Row over charges for garden waste continues
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A political row has broken out over plans to charge residents for garden waste collections.
The Lib-Dem administration at St Albans district council wants to introduce a charge from the fortnightly service in the summer in response to the adverse impact of the pandemic on their finances.
Households would be expected to pay £45 a year to have a green wheelie bin or reusable sacks emptied, the equivalent of 87p a week.
Many other local authorities already charge for the service, including some in Herts, but Conservative rivals have accused the Lib Dems of imposing a "garden tax" which will hit those residents on low incomes the hardest.
When the proposals were considered by a meeting of the community, environment and sport scrutiny committee last week, members voted to ask the council's Cabinet to revisit certain aspects, including whether the charge was fair on elderly, disabled and low-income households, and how it would deal with an increase in leaves on pavements and roads if households stopped sweeping them up.
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Committee chair Cllr Annie Brewster said the committee understood the charge was one way of trying to mitigate for the losses to council revenues caused by the coronavirus public health emergency, but said low income households could struggle with the additional expense.
She added: “There was also some concern that people who opt out of the charge may put garden material into their brown waste bin, reducing the amount of money the council receives from a recycling scheme. In addition, those residents choosing not to join the scheme would still be expected to store their green bins on their property."
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The proposals have already prompted a pledge from the district's Conservative group to reverse the charge should they win control of the council in May's elections.
The group describes the charge as a "garden tax" which penalises residents in smaller homes, claiming it will lead to shabbier neighbourhoods, more fly-tipping and more queues and delays at waste sites.
Conservative leader Cllr Mary Maynard said: "At a time when so many people are struggling with the economic consequences of Covid, the Liberal Democrats impose a tax that hits residents on smaller incomes hardest.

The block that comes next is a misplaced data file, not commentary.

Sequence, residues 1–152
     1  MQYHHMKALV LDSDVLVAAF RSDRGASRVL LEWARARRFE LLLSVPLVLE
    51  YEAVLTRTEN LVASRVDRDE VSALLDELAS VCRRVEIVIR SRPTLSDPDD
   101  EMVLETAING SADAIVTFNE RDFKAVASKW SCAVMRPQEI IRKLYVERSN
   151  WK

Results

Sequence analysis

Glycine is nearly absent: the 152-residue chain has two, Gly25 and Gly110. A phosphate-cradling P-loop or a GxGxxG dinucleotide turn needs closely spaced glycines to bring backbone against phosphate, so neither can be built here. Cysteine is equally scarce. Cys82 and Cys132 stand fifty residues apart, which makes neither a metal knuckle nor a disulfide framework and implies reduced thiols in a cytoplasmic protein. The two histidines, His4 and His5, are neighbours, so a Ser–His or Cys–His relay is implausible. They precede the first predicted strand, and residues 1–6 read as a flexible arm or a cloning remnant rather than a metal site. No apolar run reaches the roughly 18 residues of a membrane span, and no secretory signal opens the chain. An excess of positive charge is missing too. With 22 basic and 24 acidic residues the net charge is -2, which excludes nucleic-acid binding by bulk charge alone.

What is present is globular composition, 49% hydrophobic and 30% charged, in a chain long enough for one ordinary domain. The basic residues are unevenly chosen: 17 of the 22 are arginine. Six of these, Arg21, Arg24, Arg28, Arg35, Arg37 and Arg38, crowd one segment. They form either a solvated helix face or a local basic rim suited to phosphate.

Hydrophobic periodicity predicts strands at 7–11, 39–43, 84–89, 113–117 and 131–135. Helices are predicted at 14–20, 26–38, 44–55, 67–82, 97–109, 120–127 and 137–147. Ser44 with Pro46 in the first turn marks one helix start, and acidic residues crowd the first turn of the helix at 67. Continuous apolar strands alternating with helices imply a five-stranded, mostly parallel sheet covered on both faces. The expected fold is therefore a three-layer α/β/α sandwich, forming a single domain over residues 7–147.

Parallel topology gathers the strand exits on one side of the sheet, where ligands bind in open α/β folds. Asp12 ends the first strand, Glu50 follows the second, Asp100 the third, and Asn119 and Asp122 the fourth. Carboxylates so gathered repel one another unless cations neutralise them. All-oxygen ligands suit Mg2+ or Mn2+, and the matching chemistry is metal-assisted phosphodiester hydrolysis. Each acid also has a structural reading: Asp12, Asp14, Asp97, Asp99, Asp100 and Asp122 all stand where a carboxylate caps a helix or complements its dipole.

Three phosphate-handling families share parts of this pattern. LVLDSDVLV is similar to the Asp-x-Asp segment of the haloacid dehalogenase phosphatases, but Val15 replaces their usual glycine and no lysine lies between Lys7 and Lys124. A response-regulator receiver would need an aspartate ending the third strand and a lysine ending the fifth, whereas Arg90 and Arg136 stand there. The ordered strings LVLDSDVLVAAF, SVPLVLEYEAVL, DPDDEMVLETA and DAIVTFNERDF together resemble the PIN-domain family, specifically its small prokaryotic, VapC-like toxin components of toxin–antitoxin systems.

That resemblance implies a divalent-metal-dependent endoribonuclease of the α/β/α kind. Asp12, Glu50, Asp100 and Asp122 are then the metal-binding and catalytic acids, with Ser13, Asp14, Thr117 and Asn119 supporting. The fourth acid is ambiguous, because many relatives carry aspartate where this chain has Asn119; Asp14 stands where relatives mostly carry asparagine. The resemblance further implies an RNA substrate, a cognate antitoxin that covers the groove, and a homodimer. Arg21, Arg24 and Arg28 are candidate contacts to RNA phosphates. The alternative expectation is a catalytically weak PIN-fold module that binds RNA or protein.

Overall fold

"I promise residents that if we take control of the district in May, we will overturn this miserly decision and not charge for green waste collection."
Council leader Cllr Chris White responded: "This council is in a dire situation thanks to years of reduced support from central government and the impact of the pandemic.
"Collecting green waste costs us over £600,000 every year. Introducing this charge - equivalent to 87p per week or £1.74 per collection - will help us to maintain other essential services.
"It is extraordinary that the Conservatives cannot grasp the unfairness that people who live in flats are paying for this service without receiving any benefit - and many also have to pay a separate service charge for the removal of communal area garden waste."
Cllr Anthony Rowlands, whose portfolio includes waste collection said: "The concerns of the committee relating to how the new charge will impact on more vulnerable residents are already being addressed as we plan implementation. Officers and our contractor will be instructed to provide advice and support. We have also pledged to review the operation of the scheme regularly."
Cllr Will Tucker, a member of the scrutiny committee said: "The Tory members of the Committee were unable to explain how they would do things differently.
"Representing thousands of residents who live in flats in the city centre, I can understand why they feel that it is fair to levy a modest charge for a service they cannot use."
What do you think about the plans to charge residents for fortnightly green waste collections? Have your say and email the Herts Ad with your comments at firstname.lastname@example.org